The only big community not to go with McGuinty was the slightly more higher income area of Blossom Park, the southern-most community in the urbanized portion of the riding.

By-Election Outlook

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I cannot imagine that Kathleen Wynne will call Ottawa South's by-election at a later date than London West or Windsor-Tecumseh, so expect the vacancy to be held relatively soon. Both the PCs and the Greens already had candidates in place before McGuinty's resignation: Matt Young, a defense contractor with a tenuous connection to former MPP Claude Bennett (he's the son-in-law of someone who used to work for Bennett), will be running for Hudak's PCs, while 2011 candidate James Mihaychuk is running again for the Greens. The Liberals will be nominating John Fraser, McGuinty's former executive assistant, as their candidate on June 20th. For the NDP, I know who isn't running, that being Alex Cullen, who is instead running for the nomination in Ottawa West-Nepean. No idea who else is on their radar, or when their nomination meeting is going to be held.

Unlike both London West and Windsor-Tecumseh, Ottawa South is a much friendlier Liberal riding. It has remained Liberal federally for a long time, electing McGuinty's brother David back-to-back since 2004, and before then it was held by former cabinet member John Manley. By all accounts, this should be an easy Liberal hold, as it seems the PCs aren't interested in running a high-profile candidate, and the NDP would struggle to find traction here (unlike in the other two ridings).

But the big names representing this riding also make it somewhat hard to pin down. The demographics speak to either a Liberal or PC win, as the riding is covered in middle-income communities and crawling with suburbanites. At the same time, many of those suburbanites are likely employed by the federal government, which means they'll likely lean Liberal more than anything else. Then again, this riding voted PC consistently before 1987! What sense can anyone make of this?

My guess is that it is likely the Liberal's to lose, and they're fairly unlikely to lose it. Fraser, as far as I know, is pretty grounded in the riding, and Ottawa South has resisted pressure both federally and provincially to turn blue. The Conservatives would really need to make hay out of McGuinty's record and hope it upsets voters here, or hope they can take advantage of the general anathema people feel towards the Liberal government into a turnout advantage for them. There may be too much of a Liberal base here to even make that work, however.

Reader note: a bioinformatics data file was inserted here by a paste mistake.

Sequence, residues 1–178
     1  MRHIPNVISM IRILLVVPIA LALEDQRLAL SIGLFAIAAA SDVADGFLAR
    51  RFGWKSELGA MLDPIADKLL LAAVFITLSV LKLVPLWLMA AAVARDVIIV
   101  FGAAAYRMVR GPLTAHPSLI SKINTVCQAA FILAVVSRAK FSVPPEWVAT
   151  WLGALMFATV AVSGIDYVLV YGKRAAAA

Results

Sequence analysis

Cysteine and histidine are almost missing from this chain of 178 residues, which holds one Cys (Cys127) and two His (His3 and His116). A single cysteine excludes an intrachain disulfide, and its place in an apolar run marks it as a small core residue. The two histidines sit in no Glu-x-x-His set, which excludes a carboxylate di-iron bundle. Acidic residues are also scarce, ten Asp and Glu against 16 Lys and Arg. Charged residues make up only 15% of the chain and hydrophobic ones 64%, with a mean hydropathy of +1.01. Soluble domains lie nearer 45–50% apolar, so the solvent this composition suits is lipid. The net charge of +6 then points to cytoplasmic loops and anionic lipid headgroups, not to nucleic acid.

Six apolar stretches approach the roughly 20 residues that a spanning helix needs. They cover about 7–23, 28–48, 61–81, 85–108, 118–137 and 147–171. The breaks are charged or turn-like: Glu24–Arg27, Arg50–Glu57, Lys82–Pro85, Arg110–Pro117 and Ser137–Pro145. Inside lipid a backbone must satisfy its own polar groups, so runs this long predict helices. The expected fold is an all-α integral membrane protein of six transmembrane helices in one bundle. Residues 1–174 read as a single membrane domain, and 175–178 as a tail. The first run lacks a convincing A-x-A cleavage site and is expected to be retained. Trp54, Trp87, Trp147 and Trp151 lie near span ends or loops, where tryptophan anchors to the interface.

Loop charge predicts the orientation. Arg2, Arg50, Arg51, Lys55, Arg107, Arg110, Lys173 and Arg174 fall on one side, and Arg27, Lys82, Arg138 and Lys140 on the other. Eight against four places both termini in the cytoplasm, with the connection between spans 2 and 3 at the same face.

5 comments:

  1. Thanks for an interesting review. Too bad the constituency association is so weak. This could hurt the Liberals in the election without a well known name.

    Where did you get the great riding map?

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    1. Thanks for the compliment! I agree as well that a weak base could hurt Liberal chances, which is seemingly confirmed by a Forum poll which showed the PCs leading here with 37% to 34% for the Liberals. We'll see how it all works out in the weeks to come, I guess.

      I sort of created the map myself, or at the very least its a heavily modified version of .shp files that you can download for free from Elections Ontario. That's just a blank slate, however, as I had to draw in the proper riding boundaries and rivers. I also had to colour in the polls according to winner, which took quite a while but can be easily done if you know where the information is.

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  2. Kyle, don't you find that Forum Research poll very disappointing? I say its a huge deal for the PCs to the ahead in one of the few ridings in Ontario held by the federal Liberals. What do you think caused this odd poll result?

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    1. I do find it disappointing, though not necessarily surprising - Ottawa South is very similar to a riding like Ottawa West-Nepean or Ottawa-Orleans, both of which have very strong Tory bases. Now that Ottawa South is losing its star incumbent, maybe it will become a regular swing riding between the two parties. Certainly at the levels we see now for the provincial parties, I can see both West-Nepean and Orleans falling to the PCs - why not Ottawa South?

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  3. Some of your neighbourhood names are wrong, Kyle ;-) Riverside South is not even in the riding, it's in Nepean-Carleton.